Basket of Chips, page 049

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Identifier /tanner/image/basket_chips.xml
Title A Basket of Chips: An Autobiography
Creator Harwood, James Taylor, 1860-1940
Subject Artists; Painters; Artists' writings
Subject Local Harwood, James Taylor, 1860-1940; Artists--Utah--Biography; Harwood, Harriett Richards, (1870-1922)
Description These memoirs of Utah artist and teacher James T. Harwood cover a wide range of subjects including farming, gardening, bird watching and cooking. But, primarily, "A Basket of Chips" is about his early love, Harriett Richards, and their life together.
Publisher Tanner Trust Fund University of Utah Library, Salt Lake City, Utah
Contributors Olpin, Robert S.; Ward, Margery W.; Cooley, Everett L.; Madsen, Brigham D.; Tyler, S. Lyman
Date 1985
Type Text
Format application/pdf
Language eng
Relation Is part of: Utah, the Mormons, and the West, no. 12
Coverage 1860-1940
Rights Management University of Utah, Copyright 2001
Holding Institution J. Willard Marriott Library, University of Utah.
Source Physical Dimensions 14.5 cm x 22.75 cm
Source Characteristics Printed Hard Cover Book
Scanning Technician Karen Edge
Metadata Cataloger Kenning Arlitsch; Jan Robertson
Call Number N 6537 H364 A2 1985
ARK ark:/87278/s6zs2vsj
Topic Artists; Painters; First person narrative
Setname uum_ttb
Date Created 2005-04-20
Date Modified 2011-04-07
ID 327930
Reference URL

Page Metadata

Identifier 067.gif
Title Basket of Chips, page 049
Description Career, Romance, dnd Family first year did not average above a dollar a day."" The year 1878 I was appointed to teach art in the Salt Lake High School."' With our very small earnings my wife managed to put away five dollars a month in the building society and a year after my appointment we bought a large lot in the southern part of the city. The first spring we planted an orchard of different varie- 43 During this difficult period, Harwood tried opening an art school with two other artists. The school cost him more than it earned, and after a year he gave it up. 44 Improvement in the Harwood family financial situation came about in two ways in the late 1890s. First, the Utah State Constitution of 1896 established an "educational organization which eventually led to a full-fledged secondary school program" that employed J. T. beginning in 1898. S. George Ellsworth, Utnh's HeritLzge (Santa Barbara: Peregrine Smith, 1972), 392. Then an act of the Utah State Legislature on March 9, 1899, created the Utah State Institute of Fine Arts, largely through the efforts of Harwood's stu- dent Alice Merrill Horne, a member of the legislature. Later in the same year Black Rock, a landscape by Harwood, won a $300 first prize at the organization's exhibition. "Alice Merrill Horne - 2 January 1868-7 October 1948," Utah State Institzlte . . . Annzlal (June IS-July 30, 1961) 1; "Permanent Collection Cata- log," ibid., 11. Such augmentation of the family income was minimal, and a major reason for this was the fact that Harwood tended to paint everything, except portraits, without a commission. His interest was expressed in O/d Barn Ynrd (1897) and Pelican Point ( 1897) - paintings of human activity within light-drenched land- scapes of a definite impressionist-like leaning. The painter's Crrzb Apples (1893) and Pen&es (1897) are fine, very soundly handled studies of still-life forms not unlike his earlier works, but these two (along with a small portrait of fourteen- month old Willard [1894] and a very handsome 1895 presentation of seated figures of the Harwood family entitled Home Life) share, in one way or another, in the artist's new and developing sense of color-filled light. An 1899 etching of Willard and two of his cousins standing beside a country road also shows some- thing of this quality. A canvas called Azltzlmn Mood (1900) Harwood's usage of color to depict leaves of the season in City Creek Canyon, leaves no doubt at all as to the painter's increasing attraction to rather fully saturated hue. Autzlmn Mood, actually a copy of an original of many eventually done of that work by Harwood through the years, and his Azltumn Landscape (1926) show (though typically restrained in connection with that final leap to total color intensity that Harwood almost always saw as going too far) the exquisite impressionistic-treat- ment Harwood was able to apply after further European study. Ruth Harwood stated that "an interesting addition to the artistry of the [University of Utah] exhibition is in the frames which Mr. Harwood has made and decorated during different periods of his life. In the early years he would sometimes use real branches and leaves or acorns on the frames. At another period he would model in high relief forms that would fit the subject matter of the picture." Harwood Art Exhibition, 3. 49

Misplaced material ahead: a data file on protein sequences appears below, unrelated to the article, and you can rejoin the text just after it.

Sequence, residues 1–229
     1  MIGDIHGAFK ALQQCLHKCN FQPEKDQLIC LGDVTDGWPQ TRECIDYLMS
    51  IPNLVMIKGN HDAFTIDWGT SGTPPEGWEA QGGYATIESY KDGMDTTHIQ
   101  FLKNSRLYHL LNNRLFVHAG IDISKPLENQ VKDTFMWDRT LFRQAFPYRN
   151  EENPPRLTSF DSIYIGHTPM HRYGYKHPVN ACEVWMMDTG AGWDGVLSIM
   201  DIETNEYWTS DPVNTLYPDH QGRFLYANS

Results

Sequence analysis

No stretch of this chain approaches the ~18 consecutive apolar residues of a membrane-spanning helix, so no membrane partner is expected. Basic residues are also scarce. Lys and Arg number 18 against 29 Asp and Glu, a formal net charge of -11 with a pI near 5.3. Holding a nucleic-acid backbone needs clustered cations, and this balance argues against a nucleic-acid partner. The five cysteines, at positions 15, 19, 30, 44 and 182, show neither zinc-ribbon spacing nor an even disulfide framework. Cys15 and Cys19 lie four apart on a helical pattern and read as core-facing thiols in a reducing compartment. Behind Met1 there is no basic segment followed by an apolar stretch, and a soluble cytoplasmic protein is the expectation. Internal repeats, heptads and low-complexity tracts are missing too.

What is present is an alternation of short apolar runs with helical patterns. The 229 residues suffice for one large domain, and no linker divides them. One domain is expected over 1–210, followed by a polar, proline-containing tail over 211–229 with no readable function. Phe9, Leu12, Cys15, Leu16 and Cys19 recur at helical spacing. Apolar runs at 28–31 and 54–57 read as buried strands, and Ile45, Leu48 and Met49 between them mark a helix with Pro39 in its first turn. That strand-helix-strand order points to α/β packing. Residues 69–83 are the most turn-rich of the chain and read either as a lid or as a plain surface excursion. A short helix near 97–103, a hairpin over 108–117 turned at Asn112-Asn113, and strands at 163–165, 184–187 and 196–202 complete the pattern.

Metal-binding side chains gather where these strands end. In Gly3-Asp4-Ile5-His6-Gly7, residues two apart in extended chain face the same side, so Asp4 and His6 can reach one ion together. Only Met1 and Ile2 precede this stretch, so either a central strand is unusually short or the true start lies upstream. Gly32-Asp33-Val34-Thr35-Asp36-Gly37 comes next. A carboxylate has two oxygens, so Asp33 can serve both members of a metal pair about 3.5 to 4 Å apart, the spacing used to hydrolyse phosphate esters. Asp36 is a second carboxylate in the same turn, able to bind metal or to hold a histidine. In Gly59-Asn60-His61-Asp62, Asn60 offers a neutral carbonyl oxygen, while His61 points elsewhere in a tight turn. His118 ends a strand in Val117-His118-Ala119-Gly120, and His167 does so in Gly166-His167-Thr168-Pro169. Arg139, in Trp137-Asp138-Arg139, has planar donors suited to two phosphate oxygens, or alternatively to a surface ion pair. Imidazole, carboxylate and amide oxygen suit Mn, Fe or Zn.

Format application/pdf
Source A Basket of Chips: An Autobiography
Setname uum_ttb
Date Created 2005-04-14
Date Modified 2021-05-06
ID 327529
Reference URL